Papelbon should close door on Manny talk

Updated: March 12, 2009

Ronald C. Modra/Getty Images

Jonathan Papelbon told Esquire magazine that Manny Ramirez "was on a different train!"


I have a problem with Jonathan Papelbon's recent statement regarding Manny Ramirez. I don't believe it takes a great deal of guts to bad-mouth a player a year after they've left your team. It would've been gutsy for Papelbon to make these statements, calling Manny a cancer, last year when this all happened rather than recalling it now for no reason.

I don't agree with what Manny may or may not have done to leave the Red Sox. When a player is on a team, he should play as hard as he possibly can at all times, so don't think that I'm an apologist. But I do believe there are unspoken rules and Papelbon just broke one of them. The Red Sox players handled this situation the right way a year ago when they came to the conclusion that winning with Manny wasn't going to be possible. The clubhouse leaders went to their manager and general manager and voiced their concerns, and Manny was traded. The Red Sox went to the playoffs and Manny had a resurgence in Los Angeles.

It's very interesting that none of the team veterans, like Jason Varitek or David Ortiz, came out and trashed Manny. They know there is no reason to talk trash about a player who is no longer on the team and also because they respect that they won two World Series in large part because of Manny's contributions. There is no way they win those titles without him, and the veterans know that.

This game is about having a long memory, and the veteran leadership on the Red Sox realizes that trashing Manny serves no purpose except to sully a person who was a good enough teammate to help them win two titles. Papelbon should step back and understand that sometimes it isn't worth it to get a quick sound bite when baseball's unspoken rules are in play. Obviously, Manny is an easy target because the chances of him coming back to haunt the Red Sox are exceedingly slim now that he's an NL player. But respect for the game and former teammates is paramount and a part of baseball's storied history.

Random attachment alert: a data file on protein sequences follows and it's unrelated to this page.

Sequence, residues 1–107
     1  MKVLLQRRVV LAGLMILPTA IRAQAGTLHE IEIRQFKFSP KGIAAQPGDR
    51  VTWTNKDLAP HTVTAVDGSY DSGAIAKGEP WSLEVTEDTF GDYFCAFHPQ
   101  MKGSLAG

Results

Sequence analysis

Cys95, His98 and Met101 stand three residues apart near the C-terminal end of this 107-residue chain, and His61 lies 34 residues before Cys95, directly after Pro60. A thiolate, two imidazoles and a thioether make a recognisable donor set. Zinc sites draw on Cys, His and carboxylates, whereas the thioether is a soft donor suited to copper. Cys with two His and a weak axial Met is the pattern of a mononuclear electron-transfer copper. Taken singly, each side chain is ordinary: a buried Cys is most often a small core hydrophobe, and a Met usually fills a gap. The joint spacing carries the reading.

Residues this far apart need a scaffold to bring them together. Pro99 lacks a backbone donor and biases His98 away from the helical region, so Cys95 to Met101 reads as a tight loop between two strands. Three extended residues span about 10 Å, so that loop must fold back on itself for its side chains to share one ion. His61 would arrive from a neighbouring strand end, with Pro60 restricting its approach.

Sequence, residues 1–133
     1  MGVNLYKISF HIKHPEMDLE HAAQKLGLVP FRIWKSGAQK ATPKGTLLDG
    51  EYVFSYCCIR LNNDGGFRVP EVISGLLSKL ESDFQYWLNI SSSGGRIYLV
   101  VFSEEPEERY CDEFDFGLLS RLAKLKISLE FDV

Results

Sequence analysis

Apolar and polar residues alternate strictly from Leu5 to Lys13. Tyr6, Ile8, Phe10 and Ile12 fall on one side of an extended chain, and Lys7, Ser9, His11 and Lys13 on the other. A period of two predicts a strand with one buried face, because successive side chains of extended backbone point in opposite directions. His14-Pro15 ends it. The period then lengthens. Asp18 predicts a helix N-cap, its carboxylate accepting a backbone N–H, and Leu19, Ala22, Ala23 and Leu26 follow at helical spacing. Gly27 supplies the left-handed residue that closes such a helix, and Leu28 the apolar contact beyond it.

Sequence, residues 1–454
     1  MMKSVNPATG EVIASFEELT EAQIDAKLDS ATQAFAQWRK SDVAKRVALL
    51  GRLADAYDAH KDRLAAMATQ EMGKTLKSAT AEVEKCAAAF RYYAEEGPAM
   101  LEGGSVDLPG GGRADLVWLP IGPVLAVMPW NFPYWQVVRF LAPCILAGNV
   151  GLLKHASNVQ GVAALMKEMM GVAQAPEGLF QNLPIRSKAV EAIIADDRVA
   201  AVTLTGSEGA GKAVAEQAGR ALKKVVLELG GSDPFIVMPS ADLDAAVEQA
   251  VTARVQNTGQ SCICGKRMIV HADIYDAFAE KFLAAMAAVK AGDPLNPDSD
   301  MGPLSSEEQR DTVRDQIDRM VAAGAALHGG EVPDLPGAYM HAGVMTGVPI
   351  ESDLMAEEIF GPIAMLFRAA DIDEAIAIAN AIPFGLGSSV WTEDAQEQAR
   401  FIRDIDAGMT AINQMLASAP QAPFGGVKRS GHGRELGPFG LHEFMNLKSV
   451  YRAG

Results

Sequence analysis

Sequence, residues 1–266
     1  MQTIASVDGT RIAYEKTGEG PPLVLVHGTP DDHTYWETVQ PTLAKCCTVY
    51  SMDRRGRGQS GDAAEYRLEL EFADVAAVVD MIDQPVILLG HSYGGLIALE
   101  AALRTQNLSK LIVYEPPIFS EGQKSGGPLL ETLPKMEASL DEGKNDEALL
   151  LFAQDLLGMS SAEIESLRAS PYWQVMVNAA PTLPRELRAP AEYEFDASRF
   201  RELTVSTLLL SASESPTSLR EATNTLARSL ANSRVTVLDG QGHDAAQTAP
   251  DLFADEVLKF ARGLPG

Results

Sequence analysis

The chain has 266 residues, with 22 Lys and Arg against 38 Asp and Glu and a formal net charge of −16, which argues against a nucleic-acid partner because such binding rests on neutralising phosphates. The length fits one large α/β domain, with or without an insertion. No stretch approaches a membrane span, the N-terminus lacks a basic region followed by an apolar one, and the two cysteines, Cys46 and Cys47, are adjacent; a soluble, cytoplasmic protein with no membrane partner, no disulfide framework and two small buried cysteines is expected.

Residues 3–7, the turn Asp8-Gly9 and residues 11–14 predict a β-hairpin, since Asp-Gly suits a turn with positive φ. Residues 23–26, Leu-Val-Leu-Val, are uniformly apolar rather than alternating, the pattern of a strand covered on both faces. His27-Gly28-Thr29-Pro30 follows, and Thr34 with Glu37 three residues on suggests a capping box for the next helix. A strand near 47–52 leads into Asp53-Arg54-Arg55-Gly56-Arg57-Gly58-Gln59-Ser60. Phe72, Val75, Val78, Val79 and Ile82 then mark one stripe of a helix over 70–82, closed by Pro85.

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Each day,'s contributors offer a wide array of thoughts and analysis in their blogs. Keith Law breaks down Norichika Aoki, the left fielder for Japan in the World Baseball Classic:

Team Japan's best hitter is left fielder Norichika Aoki, a left-handed hitter with one of the most traditional (from an American perspective, at least) swings on the club. Many Japanese hitters follow the Ichiro approach of eschewing power for contact, slapping at the ball with a short swing that is mostly hands and doesn't get the player's lower half involved at all. Aoki, who plays for the Yakult Swallows, has some nonsense in his setup, but when he's about to swing he loads normally and strides right into the ball. He showed good pitch recognition, staying with a slider from lefty Jesse English for a single to right, and drove an 88-mph fastball from Francis Beltran to the left field wall for a double. He was adequate in left field, but showed a below-average arm.

For the rest of this entry from Keith Law's blog, click here.

Rob Neyer thinks the Tigers could challenge in the AL Central:

The Tigers aren't likely to finish in last place again. Especially not with their payroll.

Granted, I'm not convinced they can finish fourth in the league in scoring again this year. Not with Brandon Inge and Adam Everett in the lineup most days, and with no assurances that Gary Sheffield will bounce back. But Nate Robertson simply can't post another 6.35 ERA; if he's doing that poorly again, he'll be replaced (but he's highly unlikely to do that poorly). Kenny Rogers' 5.70 ERA is gone. And Jeremy Bonderman is … well, at this moment it seems that he is a perpetually disappointing might-have-been. But he's better than Dontrelle Willis (speaking of bad contracts).

And as Dierkes notes, the defense figures to be better, maybe a lot better (if Everett's healthy and doesn't non-hit himself out of the job). Last year the Tigers won 74 games but scored/allowed runs like a 78-win team. It's not much of a leap from 78 to 81, and in the AL Central it's just a slightly larger leap from 81 to contention.

On paper, the Tigers and their bloated payroll aren't the best club in the division. But when August rolls around they'll probably be in the mix.

For the rest of this entry from Rob Neyer's blog, click here.



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